Justice S. Tamilvalan of the Madras High Court recently declared the amendment to Section 126 of the Patent Act, 1970 as unconstitutional. The judgment says that advocates, by virtue of possessing a law degree from a recognized university, have a right to file, appear and undertake all responsibilities of a patent agent.
The judgment, dated March 15, 2013, relates to an amendment introduced via Section 67 (a) of the Patents (Amendment) Act of 2005. Prior to the amendment, two categories of individuals could act as patent agents – the first category was composed of advocates, the second of those who possessed a degree in “science, engineering and technology” and who had cleared a qualifying exam.
Explains the High Court:
“Prior to the amendment, it was a matter of right to any advocate to register as patent agent, since the work of a patent agent is only a part of the work done by any advocate..”
After the amendment was passed, this “matter of right” of advocates was removed. Hence only those who had a science degree and who cleared the qualifying exam, could act as patent agents. If an advocate wanted to register at a patent office, s/he would not only require a science degree but also need to clear the qualifying exam.
Questing the constitutional vires of this amendment, IP lawyer SP Chockalingam filed a petition before the Madras High Court in 2006. Seven years later, the Madras High Court struck down the amendment, ruling that:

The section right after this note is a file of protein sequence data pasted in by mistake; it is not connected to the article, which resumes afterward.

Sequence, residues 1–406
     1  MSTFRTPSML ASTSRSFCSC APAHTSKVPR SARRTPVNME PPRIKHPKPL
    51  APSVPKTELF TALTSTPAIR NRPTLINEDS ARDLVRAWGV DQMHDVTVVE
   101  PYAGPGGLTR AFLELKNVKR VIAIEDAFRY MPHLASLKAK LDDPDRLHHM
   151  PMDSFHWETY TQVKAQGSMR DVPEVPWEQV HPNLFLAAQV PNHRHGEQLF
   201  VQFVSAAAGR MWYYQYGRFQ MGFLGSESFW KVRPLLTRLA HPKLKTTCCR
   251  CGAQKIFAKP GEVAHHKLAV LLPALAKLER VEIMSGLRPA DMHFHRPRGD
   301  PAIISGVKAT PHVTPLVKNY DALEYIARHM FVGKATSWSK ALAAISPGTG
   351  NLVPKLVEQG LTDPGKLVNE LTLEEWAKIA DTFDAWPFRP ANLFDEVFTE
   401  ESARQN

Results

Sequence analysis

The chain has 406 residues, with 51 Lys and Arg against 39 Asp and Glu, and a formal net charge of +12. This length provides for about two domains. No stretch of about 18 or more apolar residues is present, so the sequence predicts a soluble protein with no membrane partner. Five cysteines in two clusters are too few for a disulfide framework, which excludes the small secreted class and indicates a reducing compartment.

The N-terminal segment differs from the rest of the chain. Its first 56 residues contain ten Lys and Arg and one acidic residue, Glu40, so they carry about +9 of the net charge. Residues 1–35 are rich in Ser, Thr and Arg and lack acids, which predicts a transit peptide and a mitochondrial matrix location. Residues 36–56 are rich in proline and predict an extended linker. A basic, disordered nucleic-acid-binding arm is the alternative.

“Therefore, preventing advocates, better qualified persons and retaining less qualified persons as patent agents, on the basis of the examination conducted by the respondents would not be justified under the pretext of reasonable classification, hence, the impugned amendment is violative of Article 14 of the Constitution, as it is an unreasonable class-legislation.
The respondents selecting certain group of persons to register as patent agents, deleting advocates, more qualified persons, would be unreasonable and against the larger interest of the general public.
The impugned amendment is not based on any reasonable restriction but only an unreasonable restriction, contravenes Article 19 (1) (g) of the Constitution, hence, in the light of various decisions rendered by the Hon'ble Supreme Court, it has to be held that the impugned amendment is violative of Article 19 (1) (g) of the Constitution.”
Interestingly, the High Court not only struck down the amending provision but also criticized the fact that the qualifying exam conducted by the Patent Office,